Persistent sexual arousal syndrome
associated with increased soy intake
Amsterdam A, Abu-Rustum N, Carter J, Krychman M.
All Memorial Sloan-Kettering Cancer Center-Surgery,
Division of Gynecology, New York, NY 10021, USA.
J Sex Med. 2005 May;2(3):338-40.
ABSTRACTINTRODUCTION: Persistent sexual arousal syndrome is an uncommon sexual complaint. Patients with this disorder can be distressed by the escalation of tension in the pelvic region and the prevailing necessity to diminish the pressure by self-stimulation. Patients frequently suffer from guilt or shame and often do not seek medical care. There are many potential causes of this disorder; however, a definitive etiology has yet to be elucidated. CASE: The patient is a 44-year-old female who presented to her gynecologist for evaluation of dysmenorrhea and menometrorrhagia. During the review of systems, the patient reported 5-6 months of increased pelvic tension, not associated with an increase in desire that required her to self-stimulate to orgasm approximately 15 times daily. Upon further inquiry, the patient disclosed that her dietary regimen included soy intake in excess of 4 pounds per day that began approximately 1 month prior to the onset of symptoms. RESULTS: Treatment consisted of supportive counseling and dietary modification. At the 3-month follow-up visit, the patient's menstrual difficulties and sexual complaints resolved. CONCLUSIONS: Although no known cause or cure of persistent sexual arousal syndrome has been identified to date, the success of reducing dietary of phytoestrogens in this patient may provide insight into the etiology of the disorder and suggest potential treatments.B6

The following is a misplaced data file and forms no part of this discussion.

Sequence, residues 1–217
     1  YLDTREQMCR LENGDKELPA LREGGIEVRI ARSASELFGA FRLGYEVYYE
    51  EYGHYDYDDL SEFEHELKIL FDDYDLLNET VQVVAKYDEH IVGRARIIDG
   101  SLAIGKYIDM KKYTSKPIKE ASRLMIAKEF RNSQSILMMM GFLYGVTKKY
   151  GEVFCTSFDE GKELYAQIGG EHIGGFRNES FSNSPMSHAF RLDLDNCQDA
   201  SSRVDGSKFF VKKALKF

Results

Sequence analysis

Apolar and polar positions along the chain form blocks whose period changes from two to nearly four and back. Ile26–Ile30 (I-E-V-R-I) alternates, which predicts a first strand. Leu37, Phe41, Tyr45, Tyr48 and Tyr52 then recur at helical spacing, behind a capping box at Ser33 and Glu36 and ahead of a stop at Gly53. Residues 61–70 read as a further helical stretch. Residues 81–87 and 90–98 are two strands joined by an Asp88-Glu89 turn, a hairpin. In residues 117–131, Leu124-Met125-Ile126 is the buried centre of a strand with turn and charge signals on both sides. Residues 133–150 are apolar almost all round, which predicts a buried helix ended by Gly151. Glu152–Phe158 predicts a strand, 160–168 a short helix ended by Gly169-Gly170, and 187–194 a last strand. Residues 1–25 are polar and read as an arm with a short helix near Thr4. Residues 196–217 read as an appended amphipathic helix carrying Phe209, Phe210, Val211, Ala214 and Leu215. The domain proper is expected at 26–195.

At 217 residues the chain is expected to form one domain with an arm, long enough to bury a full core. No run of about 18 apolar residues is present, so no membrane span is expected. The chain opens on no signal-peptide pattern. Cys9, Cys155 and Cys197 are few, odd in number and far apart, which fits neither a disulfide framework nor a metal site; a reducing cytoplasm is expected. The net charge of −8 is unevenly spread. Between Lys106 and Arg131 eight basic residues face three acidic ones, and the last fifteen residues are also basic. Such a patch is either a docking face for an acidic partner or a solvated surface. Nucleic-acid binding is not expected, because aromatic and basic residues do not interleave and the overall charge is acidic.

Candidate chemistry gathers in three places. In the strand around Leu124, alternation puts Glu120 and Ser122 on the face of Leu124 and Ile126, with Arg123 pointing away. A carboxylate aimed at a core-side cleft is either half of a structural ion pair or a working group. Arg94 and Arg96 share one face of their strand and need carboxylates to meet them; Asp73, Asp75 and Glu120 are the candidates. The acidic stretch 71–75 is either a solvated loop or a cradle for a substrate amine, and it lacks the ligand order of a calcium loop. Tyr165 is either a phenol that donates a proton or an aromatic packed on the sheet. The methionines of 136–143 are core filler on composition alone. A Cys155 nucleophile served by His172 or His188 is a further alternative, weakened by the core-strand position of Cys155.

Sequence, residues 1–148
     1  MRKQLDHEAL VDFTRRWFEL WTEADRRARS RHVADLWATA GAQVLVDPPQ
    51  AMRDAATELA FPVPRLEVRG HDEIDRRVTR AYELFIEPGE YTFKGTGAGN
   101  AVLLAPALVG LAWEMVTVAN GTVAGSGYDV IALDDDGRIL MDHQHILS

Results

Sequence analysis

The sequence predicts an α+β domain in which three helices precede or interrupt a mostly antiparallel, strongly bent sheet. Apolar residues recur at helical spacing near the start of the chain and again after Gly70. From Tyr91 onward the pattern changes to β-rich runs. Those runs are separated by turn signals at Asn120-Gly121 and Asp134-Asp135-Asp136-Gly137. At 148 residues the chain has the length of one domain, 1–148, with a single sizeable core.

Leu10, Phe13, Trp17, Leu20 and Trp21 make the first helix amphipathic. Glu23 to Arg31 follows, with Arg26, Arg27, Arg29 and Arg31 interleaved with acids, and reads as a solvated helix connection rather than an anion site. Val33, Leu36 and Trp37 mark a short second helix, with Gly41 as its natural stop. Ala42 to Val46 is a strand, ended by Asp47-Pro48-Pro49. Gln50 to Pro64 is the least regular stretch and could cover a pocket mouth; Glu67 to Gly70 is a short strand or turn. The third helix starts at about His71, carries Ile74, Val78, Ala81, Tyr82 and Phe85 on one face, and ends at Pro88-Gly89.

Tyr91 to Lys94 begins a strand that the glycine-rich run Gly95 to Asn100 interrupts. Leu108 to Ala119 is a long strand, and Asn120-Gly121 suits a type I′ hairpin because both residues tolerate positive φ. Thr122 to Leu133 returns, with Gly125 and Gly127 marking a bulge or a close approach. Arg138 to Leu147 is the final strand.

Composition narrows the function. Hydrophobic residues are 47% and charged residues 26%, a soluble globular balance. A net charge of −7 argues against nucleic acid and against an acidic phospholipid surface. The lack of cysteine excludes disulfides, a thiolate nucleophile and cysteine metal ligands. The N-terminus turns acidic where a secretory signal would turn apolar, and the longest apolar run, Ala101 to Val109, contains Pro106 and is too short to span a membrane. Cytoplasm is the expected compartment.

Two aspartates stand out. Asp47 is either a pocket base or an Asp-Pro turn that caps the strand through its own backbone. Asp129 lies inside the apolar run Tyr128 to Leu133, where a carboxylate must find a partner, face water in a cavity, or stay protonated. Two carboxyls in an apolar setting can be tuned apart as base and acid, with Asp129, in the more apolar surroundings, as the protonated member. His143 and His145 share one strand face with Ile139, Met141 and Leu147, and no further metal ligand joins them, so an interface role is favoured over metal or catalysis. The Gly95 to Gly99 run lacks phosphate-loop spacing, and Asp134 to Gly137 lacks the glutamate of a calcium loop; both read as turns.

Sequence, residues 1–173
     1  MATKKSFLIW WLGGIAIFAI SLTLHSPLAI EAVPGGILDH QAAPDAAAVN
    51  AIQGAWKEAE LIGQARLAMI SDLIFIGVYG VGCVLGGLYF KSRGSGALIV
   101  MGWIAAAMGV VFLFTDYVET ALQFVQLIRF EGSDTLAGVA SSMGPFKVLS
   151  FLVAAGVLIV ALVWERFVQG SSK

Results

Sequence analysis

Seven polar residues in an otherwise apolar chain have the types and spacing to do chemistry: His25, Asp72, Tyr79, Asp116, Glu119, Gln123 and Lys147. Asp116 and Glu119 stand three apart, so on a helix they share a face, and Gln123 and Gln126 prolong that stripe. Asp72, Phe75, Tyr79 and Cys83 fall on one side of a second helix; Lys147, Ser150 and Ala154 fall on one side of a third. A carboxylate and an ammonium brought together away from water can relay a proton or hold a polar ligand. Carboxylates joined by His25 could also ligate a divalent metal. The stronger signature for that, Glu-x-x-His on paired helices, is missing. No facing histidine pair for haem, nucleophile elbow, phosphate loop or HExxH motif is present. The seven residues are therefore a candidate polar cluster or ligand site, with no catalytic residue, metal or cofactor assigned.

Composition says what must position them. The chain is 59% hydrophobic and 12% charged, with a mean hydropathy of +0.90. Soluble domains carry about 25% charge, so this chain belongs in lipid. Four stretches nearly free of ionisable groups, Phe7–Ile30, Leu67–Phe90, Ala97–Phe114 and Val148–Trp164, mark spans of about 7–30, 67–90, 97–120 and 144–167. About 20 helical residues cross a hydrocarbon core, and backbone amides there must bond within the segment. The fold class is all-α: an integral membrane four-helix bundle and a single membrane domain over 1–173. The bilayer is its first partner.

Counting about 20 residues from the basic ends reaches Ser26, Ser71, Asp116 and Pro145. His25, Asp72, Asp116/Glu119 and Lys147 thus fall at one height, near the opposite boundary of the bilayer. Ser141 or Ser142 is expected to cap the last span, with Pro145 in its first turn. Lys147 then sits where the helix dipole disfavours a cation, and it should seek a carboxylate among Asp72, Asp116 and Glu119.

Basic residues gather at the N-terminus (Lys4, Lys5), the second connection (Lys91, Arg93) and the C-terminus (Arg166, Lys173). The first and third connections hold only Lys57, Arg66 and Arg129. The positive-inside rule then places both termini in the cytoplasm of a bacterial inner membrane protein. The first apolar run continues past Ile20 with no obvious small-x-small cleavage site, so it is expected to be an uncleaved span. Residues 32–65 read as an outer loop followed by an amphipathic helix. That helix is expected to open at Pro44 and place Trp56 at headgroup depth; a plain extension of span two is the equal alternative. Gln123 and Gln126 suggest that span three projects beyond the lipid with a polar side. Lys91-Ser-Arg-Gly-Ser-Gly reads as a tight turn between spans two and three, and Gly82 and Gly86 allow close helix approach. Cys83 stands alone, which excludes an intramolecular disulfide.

Calcium and mood
Vitamins and mood
Bad moods and sick hearts
Ascorbic acid, mood, and sex
Is nutmeg a potential aphrodisiac?
The Good Drug Guide
The Hedonistic Imperative
MDMA/Ecstasy: Utopian Pharmacology
Critique of Aldous Huxley's Brave New World